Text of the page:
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Director Fernando Frias de la Parra Celebrates Youth Subculture in ‘I’m No Longer Here’

”It was dark and joyful at the same time,“ Frias says of the slowed-down cumbia music that becomes a teen crew’s cultural anthem

“I’m No Longer Here” director Fernando Frias de la Parra said he thrives on exploring cultural clash, and nothing fit that bill more than making a movie about a teen subculture that built its society around cumbia, a bouncy, traditional music and dance genre born in Colombia. The film takes on a wholly different tone and significance when the music is deliberately slowed down by the youthful dance crews, who meet and compete on the mean streets of the northern Mexico city of Monterrey.

Frias recalls hearing the music while growing up in Mexico. “It was dark but joyful at the same time,” he told TheWrap’s Steve Pond. “When I listened to the rebajada, the slow-down, I was fascinated, it becomes nostalgic.”

For Frias, the idea of watching a slow dance to the reinvented cumbia music represented a bittersweet symbol of youth often lost too soon to poverty and violence.

“It somehow represents this idea of fighting the passing of time, wanting something to last longer, because there’s a lack of opportunities, there’s no social upward mobility whatsoever,” Frias said. “I like the idea of establishing this analogy between the slowing down and the kids knowing that the future is not looking bright at all.”

The film focuses on a cumbia crew that calls themselves Los Terkos, as well as the personal journey of the group’s leader, 17-year-old Ulises, who must flee to the United States after witnessing a gang shooting. The members of Los Terkos are all non-actors, including Juan Daniel Garcia (Ulises), who defiantly dances his way through the film in the baggy, colorful clothes and sculpted haircut that is an integral part of the subculture.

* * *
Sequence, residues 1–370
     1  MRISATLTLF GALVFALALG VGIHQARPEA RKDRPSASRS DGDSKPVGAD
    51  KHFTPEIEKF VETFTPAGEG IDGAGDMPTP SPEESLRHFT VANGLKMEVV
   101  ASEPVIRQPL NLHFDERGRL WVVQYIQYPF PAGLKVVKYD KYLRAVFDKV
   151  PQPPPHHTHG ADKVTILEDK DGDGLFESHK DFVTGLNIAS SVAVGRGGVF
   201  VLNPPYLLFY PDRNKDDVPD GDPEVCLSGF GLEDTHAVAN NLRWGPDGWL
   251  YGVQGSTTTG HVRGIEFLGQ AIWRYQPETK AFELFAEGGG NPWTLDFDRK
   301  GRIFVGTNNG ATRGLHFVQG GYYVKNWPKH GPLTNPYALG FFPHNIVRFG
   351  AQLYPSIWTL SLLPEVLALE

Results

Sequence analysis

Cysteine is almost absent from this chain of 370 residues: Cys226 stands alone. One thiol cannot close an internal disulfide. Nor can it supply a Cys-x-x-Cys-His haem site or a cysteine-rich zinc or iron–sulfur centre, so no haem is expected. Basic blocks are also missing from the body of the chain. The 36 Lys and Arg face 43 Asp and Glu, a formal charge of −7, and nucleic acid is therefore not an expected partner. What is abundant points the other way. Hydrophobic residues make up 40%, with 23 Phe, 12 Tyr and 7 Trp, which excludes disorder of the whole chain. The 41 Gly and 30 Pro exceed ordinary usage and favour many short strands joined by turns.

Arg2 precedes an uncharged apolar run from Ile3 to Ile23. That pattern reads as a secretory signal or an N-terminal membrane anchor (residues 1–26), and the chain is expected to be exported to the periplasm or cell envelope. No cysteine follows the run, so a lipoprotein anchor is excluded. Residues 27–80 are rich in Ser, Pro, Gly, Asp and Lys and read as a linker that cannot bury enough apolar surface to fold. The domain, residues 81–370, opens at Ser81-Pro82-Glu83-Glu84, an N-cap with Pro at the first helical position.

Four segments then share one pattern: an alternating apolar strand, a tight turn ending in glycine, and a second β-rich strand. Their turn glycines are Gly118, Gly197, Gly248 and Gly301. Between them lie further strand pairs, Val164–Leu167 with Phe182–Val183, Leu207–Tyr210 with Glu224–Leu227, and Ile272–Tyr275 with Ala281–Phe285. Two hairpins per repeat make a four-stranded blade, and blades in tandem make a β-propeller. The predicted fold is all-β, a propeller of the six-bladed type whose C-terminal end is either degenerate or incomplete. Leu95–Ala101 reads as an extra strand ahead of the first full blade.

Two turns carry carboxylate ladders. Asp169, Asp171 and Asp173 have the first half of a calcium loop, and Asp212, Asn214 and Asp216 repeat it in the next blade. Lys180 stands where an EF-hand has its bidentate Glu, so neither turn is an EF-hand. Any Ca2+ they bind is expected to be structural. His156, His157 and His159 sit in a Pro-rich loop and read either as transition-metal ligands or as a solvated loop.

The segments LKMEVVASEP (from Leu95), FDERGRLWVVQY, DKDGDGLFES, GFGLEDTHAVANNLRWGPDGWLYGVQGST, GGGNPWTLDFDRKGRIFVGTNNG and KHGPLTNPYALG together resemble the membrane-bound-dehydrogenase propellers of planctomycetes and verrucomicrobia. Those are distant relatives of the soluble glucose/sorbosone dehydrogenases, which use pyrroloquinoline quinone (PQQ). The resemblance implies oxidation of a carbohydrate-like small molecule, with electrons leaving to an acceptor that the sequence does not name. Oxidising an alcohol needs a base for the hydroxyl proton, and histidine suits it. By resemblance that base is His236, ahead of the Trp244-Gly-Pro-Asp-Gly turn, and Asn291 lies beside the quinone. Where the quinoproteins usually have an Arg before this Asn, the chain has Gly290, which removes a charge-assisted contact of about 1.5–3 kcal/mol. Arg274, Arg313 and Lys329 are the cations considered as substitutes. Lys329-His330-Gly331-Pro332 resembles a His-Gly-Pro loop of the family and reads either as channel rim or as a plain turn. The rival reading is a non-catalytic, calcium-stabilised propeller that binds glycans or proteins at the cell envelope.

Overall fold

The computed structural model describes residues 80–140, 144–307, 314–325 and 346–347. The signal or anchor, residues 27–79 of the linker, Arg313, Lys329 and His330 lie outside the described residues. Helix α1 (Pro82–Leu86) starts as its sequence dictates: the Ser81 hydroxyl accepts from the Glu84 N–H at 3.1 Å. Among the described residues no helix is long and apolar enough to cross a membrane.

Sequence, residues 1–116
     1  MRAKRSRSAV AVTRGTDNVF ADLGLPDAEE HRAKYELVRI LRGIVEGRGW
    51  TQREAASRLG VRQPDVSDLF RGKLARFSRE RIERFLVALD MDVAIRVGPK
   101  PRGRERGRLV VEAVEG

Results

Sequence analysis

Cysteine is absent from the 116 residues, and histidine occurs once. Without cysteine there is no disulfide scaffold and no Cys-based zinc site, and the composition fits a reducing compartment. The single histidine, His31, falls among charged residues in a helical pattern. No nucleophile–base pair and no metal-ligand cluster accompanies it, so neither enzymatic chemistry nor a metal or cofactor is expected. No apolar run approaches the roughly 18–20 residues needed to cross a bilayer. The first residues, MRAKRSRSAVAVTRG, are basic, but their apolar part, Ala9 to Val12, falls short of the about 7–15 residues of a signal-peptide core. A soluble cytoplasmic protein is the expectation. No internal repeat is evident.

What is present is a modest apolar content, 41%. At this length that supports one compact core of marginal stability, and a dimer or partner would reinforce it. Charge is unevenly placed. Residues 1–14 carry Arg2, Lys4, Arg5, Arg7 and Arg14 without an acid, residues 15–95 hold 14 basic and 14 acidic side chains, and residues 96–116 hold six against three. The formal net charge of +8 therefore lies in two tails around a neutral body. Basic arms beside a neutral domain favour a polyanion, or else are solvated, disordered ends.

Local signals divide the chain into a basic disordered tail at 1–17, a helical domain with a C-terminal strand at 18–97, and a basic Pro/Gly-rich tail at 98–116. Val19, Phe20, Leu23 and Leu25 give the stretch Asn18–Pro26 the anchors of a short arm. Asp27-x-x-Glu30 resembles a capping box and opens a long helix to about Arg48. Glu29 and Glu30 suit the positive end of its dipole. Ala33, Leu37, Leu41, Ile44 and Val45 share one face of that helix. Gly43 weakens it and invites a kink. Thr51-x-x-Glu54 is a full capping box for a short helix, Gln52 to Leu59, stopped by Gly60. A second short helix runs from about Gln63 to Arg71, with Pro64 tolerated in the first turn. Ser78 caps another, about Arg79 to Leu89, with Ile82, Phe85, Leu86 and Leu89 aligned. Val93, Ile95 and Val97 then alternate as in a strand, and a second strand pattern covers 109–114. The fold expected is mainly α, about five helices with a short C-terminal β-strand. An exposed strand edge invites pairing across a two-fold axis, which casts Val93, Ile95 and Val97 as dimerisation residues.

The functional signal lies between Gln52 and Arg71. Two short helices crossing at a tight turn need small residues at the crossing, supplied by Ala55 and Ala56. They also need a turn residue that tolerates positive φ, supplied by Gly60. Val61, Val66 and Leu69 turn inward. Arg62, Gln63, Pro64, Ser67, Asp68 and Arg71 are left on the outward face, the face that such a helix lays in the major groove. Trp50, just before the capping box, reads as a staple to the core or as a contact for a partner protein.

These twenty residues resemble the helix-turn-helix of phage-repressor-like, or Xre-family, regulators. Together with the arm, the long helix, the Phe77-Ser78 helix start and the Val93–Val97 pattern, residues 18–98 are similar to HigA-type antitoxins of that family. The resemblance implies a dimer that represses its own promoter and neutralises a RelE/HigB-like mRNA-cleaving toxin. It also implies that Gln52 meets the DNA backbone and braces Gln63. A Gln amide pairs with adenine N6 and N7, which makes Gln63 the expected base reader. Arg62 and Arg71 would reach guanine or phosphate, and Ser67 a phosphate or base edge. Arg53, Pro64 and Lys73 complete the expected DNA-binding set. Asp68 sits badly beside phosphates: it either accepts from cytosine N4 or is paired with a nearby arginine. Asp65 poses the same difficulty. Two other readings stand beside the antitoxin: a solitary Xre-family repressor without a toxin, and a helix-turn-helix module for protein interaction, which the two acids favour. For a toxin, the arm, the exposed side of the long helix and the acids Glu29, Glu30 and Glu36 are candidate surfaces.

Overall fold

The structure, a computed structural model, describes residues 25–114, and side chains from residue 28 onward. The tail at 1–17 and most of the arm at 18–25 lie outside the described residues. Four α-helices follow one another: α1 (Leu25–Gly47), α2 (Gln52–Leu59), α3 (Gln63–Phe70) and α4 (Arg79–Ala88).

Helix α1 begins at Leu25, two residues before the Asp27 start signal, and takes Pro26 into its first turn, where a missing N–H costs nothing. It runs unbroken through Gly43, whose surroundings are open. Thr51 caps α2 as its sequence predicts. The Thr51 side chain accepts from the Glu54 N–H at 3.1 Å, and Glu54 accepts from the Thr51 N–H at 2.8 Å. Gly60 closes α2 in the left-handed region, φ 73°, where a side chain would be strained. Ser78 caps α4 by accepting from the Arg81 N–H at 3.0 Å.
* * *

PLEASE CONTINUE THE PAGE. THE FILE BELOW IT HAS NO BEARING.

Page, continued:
Garcia not only was a non-actor, but he was also a non-dancer when he came to the cast, Frias said. Moreover, he revealed partway into the filming that he had broken both legs as a child so he needed a lengthy warm-up and a lot of ice to make it through his many solo dance scenes.

Frias said choosing to work with a non-professional cast posed its problems, particularly since he was dealing with kids burdened with lack of resources, work commitments and family problems. “There were a lot of trust issues,” he said.

He added that he might go to a dance party and find a promising teen, ask for his or her number only to hear, “I don’t have a number.” He told the story of a young man who showed up every day for a couple of weeks, insisting he wanted to be part of the film, “then he took our camera and never came back.”

Despite the problems, Frias called casting and creating the Terkos “the part of the process that will live forever in my heart because it was unique for every role. Behind every one of these kids, these characters, there’s a story of how we both found each other.”

The film is set in 2010, and Pond asked Frias if the cumbia subculture still exists today. “I think cumbia will always be a part of Monterrey, and Mexico …always it’s in the heart of the people there,” Frias said. “But that style of dressing like that, the hair, dancing like that — yeah, it’s pretty much gone.”

However, he added, he has seen a resurgence of the culture on social media since the film has launched. “I think this film is bringing it back a little bit because I am seeing crazy things that I never could have imagined,” Frias said with a laugh.

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